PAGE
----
>>Looking good so far, although I'm still more than half expecting to
>>see a certain Liberion officer named Dolittle to turn up in one of
>It is astonishing how many people have the impression that Jane
>Doolittle died in 1942.
In fact, what the heck, here.
Jane Harriet "Jenny" Doolittle
Lieutenant General, United States of Liberion Army Air Forces
Date of birth: December 14, 1926
Familiar: Bull terrier
Striker model: North Liberion P-51K Mustang
Weapon of choice: M1919 .30-caliber Browning machine gun (x2)
One of Liberion's great aviation pioneers, Jane Doolittle began her aerial career in the spring of 1936, when she was nine - a tender age even for a flying witch. By the end of that summer, she had hedgehopped her way around a complete circuit of the continental United States, the first aviator ever to accomplish the feat, using a First Neuroi War-vintage Curtiss JN-4 biplane Striker nicknamed "Jenny". So many reporters covering the flight assumed that the aircraft's name was her own that she eventually gave up trying to correct them, and has been Jenny Doolittle in the public's mind ever since.
After joining what was then called the Army Air Corps in 1937, Doolittle invented the technique of "perception flying" - using magical means to correct for the natural errors in situational awareness caused by impaired visibility - and greatly improved the safety margin of night and bad-weather flight for witches. (This ability is often confused by laypeople with magic radar, but the two disciplines are entirely separate. Magic radar is a specialist technique very few witches can employ, while all flying witches can be, and as a general rule are, taught at least the basics of perception flying.) By 1938, Captain Doolittle was one of the loudest voices calling for the Liberion forces to develop Miyafuji Engine-equipped Strikers, and in 1939 Major Doolittle became one of the first Army officers to make a public call for her country to enter the war against the Neuroi.
All this agitation nearly got her cashiered, and in fact it was three years before the USL finally got into the war - at which point Lt. Col. Doolittle astounded and annoyed the brass again by propounding an absurdly ambitious first operation for the Army Air Force to undertake: nothing less than the destruction of the Neuroi Hive at Ufa in west-central Orussia, which threatened the evacuation of that country's major population centers to planned fallback positions east of the Urals. This was insanely far from any Liberion base or supply point, and the Army brass deemed Doolittle's plan, which involved a submarine launch from the Black Sea and a one-way ferry flight to Suomus with a bombing raid on a major Neuroi Hive in between, a suicide mission.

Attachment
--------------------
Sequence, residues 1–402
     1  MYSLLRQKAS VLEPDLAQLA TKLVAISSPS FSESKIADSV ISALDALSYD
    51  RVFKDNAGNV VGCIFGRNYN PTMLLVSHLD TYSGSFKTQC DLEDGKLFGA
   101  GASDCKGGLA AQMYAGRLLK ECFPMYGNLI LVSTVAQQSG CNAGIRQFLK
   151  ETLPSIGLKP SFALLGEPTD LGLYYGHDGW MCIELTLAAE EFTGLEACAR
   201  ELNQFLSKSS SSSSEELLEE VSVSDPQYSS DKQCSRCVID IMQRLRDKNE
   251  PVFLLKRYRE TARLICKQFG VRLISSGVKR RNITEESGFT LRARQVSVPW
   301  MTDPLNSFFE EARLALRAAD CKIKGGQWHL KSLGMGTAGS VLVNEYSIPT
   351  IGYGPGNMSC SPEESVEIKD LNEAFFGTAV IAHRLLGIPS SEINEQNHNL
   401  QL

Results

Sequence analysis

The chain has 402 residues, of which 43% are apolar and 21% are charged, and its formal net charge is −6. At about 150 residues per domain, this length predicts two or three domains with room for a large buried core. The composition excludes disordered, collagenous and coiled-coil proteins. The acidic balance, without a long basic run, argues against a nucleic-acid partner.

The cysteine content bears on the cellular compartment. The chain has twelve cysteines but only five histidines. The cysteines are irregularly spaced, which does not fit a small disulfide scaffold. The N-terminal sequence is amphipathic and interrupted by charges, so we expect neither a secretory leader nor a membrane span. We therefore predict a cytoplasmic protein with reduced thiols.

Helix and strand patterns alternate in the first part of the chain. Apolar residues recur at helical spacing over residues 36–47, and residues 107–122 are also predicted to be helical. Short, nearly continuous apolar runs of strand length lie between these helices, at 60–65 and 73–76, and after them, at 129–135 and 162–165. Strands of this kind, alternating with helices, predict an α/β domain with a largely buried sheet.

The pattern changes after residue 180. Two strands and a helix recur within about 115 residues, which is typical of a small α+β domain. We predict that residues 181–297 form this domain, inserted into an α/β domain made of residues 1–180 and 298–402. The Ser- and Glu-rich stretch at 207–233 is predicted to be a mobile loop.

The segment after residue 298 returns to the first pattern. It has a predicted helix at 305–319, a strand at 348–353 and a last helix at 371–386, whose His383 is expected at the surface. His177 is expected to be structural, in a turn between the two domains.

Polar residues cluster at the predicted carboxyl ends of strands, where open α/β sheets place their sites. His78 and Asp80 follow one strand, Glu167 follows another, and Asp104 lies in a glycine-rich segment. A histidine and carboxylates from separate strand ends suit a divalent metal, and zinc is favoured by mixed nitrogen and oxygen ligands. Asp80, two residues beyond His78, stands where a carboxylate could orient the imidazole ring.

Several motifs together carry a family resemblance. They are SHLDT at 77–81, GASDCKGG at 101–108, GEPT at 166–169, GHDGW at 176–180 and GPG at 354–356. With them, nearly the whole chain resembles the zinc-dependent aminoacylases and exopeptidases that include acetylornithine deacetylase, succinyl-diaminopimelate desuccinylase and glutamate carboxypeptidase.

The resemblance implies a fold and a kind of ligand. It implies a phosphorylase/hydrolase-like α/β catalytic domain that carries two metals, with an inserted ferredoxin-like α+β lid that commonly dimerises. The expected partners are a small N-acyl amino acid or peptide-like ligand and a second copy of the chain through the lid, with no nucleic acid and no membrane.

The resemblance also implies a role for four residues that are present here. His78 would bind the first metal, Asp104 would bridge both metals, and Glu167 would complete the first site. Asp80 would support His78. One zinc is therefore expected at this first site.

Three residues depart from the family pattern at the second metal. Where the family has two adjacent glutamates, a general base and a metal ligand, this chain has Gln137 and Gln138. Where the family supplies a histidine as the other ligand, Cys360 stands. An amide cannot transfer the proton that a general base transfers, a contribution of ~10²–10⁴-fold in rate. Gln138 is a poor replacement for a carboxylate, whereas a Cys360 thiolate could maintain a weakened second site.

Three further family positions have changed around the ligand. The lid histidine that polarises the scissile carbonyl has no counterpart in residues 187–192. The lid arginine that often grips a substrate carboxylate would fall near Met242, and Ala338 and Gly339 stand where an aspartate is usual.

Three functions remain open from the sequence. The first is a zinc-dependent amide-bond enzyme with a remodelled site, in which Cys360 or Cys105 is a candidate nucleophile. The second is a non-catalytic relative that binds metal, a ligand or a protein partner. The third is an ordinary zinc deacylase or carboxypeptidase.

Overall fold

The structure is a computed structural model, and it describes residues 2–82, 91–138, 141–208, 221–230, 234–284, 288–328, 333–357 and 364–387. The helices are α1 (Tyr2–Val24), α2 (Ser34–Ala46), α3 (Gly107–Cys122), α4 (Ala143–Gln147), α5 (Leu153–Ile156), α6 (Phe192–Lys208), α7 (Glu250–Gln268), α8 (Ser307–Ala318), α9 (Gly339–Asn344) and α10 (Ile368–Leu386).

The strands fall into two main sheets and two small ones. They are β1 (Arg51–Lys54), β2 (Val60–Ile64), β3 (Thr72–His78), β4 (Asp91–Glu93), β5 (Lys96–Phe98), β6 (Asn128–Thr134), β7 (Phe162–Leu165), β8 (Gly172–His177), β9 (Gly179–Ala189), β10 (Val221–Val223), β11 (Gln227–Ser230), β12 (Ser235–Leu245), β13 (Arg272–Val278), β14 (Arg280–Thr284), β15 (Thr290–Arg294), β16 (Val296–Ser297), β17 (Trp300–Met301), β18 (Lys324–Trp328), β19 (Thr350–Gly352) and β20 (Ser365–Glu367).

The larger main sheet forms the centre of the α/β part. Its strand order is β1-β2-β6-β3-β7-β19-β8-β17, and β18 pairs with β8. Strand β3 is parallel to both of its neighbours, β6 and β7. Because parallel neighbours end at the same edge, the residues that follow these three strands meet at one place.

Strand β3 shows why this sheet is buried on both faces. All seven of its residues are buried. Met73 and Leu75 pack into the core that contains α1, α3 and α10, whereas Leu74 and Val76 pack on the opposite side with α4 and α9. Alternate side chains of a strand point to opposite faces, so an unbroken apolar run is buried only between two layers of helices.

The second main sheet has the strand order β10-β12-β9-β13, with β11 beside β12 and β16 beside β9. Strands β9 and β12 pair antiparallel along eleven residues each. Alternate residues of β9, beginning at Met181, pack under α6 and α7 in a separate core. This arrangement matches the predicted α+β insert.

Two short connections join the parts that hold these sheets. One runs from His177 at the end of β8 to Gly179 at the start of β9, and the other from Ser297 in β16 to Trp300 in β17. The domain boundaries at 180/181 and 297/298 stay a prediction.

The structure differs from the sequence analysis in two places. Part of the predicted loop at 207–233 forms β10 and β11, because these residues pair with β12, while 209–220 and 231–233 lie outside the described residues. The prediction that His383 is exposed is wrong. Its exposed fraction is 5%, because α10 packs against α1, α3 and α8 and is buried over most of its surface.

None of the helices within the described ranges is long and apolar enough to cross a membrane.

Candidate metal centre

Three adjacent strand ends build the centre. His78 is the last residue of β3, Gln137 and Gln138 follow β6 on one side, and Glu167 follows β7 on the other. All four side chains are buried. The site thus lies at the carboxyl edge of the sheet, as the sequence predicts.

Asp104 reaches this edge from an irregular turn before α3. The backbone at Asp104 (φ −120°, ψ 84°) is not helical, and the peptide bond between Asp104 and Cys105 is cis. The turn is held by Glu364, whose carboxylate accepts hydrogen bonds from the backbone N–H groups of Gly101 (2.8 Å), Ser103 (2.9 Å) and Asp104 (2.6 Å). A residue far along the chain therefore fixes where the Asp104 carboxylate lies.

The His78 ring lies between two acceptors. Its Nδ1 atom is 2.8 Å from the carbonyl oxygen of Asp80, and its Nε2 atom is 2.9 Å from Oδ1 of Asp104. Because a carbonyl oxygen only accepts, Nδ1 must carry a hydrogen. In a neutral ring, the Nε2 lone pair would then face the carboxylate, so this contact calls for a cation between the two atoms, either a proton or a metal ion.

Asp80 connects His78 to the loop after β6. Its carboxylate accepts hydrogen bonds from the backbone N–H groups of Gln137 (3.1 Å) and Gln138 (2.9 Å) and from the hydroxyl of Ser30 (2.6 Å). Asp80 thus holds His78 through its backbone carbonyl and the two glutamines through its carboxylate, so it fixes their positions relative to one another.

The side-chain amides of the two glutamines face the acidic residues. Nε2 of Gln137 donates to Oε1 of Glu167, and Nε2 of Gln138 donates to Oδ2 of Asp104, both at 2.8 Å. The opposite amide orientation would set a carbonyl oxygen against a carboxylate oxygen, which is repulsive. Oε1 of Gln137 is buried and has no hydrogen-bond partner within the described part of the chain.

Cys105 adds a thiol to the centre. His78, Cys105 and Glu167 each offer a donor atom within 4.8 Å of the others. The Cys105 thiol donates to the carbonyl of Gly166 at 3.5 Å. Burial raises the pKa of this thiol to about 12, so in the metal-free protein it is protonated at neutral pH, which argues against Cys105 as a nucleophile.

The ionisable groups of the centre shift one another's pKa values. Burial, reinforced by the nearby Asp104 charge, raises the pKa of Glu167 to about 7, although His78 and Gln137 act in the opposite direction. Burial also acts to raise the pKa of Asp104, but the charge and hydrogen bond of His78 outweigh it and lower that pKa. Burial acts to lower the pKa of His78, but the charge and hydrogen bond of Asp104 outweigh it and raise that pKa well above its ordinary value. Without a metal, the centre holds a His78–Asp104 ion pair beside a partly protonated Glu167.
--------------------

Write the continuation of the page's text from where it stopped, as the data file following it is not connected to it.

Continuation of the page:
There were those who wouldn't have minded seeing Jane Doolittle get herself killed on a damnfool idealistic crusade, though, and either way it would be good press to offset the grumbling about Liberion's late entry into the war; so the plan was approved, with the proviso that all its participants must be volunteers. Some assumed Doolittle would never be able to talk a dozen other witches into undertaking the mission. Some were wrong. The destruction of the Ufa Hive opened the way for the evacuation of some 80 percent of Orussia's population and cemented the reputation of the witch the papers were now calling "Jenny the Wrecker" all over the world.
Now the Liberion Army's youngest-ever lieutenant general, Doolittle is the highest-ranking witch in that country's armed forces and head of all Liberion aviation assets in the Allied Expeditionary Force in Europe. In that capacity she is constantly butting heads with older, maler colleagues, who have their own (usually wrong, according to Doolittle) ideas of how "her girls" should best be employed. It's a hassle, but Jenny the Wrecker doesn't mind - it's just another hedge to be hopped.
As popular with the rank and file as she is unpopular with most other generals, Doolittle makes it a point to participate personally in at least one sortie a month, somewhere in the AEF's theater of operations. President Truman really, really wishes she wouldn't do that, but he can't stop her. No one can stop her. That, if you ask her, is kind of the point.
Jenny's archetype is General James "Jimmy" Doolittle, who people remember nowadays mostly for the 1942 Tokyo Raid, but who was, in fact, one of America's foremost aviators long before he did that - among other achievements, he pioneered instrument flying, won more or less every aviation trophy going in the '20s, and was the first person to perform an outside loop and not get killed doing it.
Benjamin D. Hutchins, Co-Founder, Editor-in-Chief, & Forum Mod
Eyrie Productions, Unlimited http://www.eyrie-productions.com/
zgryphon at that email service Google has
Ceterum censeo Carthaginem esse delendam.